Citigroup Inc. v. Hakan Us c/o Registeria The Accredited Domain Registrar
Claim Number: FA0810001229597
Complainant is Citigroup
Inc. (“Complainant”), represented by Paul
D. McGrady, of Greenberg Traurig, LLP,
The domain name at issue is <citiaxess.com>, registered with Bizcn.com, Inc.
The undersigned certifies that he has acted independently and impartially and to the best of his knowledge has no known conflict in serving as Panelist in this proceeding.
Complainant submitted a Complaint to
the National Arbitration Forum electronically on
On October 20, 2008, Bizcn.com, Inc. confirmed by e-mail to the National Arbitration Forum that the <citiaxess.com> domain name is registered with Bizcn.com, Inc. and that Respondent is the current registrant of the name. Bizcn.com, Inc. has verified that Respondent is bound by the Bizcn.com, Inc. registration agreement and has thereby agreed to resolve domain-name disputes brought by third parties in accordance with ICANN's Uniform Domain Name Dispute Resolution Policy (the "Policy").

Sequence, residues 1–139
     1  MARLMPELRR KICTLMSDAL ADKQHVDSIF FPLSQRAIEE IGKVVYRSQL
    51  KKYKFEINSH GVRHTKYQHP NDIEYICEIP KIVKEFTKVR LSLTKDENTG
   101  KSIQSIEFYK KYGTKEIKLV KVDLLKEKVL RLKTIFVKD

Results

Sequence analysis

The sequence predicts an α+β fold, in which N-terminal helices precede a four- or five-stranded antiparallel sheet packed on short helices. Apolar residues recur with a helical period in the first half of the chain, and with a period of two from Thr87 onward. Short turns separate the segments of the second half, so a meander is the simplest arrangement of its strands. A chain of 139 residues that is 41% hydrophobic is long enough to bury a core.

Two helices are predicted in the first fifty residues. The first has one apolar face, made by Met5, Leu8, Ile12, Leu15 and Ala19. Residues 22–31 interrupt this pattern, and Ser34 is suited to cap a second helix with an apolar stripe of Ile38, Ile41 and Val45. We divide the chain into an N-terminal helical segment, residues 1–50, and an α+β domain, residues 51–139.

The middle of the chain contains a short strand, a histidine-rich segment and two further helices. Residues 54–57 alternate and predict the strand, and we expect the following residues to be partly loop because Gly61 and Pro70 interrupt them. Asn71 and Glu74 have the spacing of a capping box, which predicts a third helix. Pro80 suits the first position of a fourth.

On October 29, 2008, a Notification of Complaint and Commencement of Administrative Proceeding (the "Commencement Notification"), setting a deadline of November 18, 2008 by which Respondent could file a response to the Complaint, was transmitted to Respondent via e-mail, post and fax, to all entities and persons listed on Respondent's registration as technical, administrative and billing contacts, and to email@example.com by e-mail.
Having received no response from Respondent, the National Arbitration Forum transmitted to the parties a Notification of Respondent Default.